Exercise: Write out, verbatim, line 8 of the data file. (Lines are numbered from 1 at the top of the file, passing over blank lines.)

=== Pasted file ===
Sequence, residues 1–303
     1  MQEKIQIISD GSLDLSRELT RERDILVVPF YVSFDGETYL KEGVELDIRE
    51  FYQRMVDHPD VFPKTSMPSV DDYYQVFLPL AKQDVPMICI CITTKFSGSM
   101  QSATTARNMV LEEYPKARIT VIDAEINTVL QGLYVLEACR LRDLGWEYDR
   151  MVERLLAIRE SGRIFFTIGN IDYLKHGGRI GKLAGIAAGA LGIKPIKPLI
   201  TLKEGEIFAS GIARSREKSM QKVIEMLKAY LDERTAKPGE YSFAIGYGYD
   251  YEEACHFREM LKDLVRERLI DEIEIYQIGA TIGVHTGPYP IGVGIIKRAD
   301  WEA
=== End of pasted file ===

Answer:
   301  WEA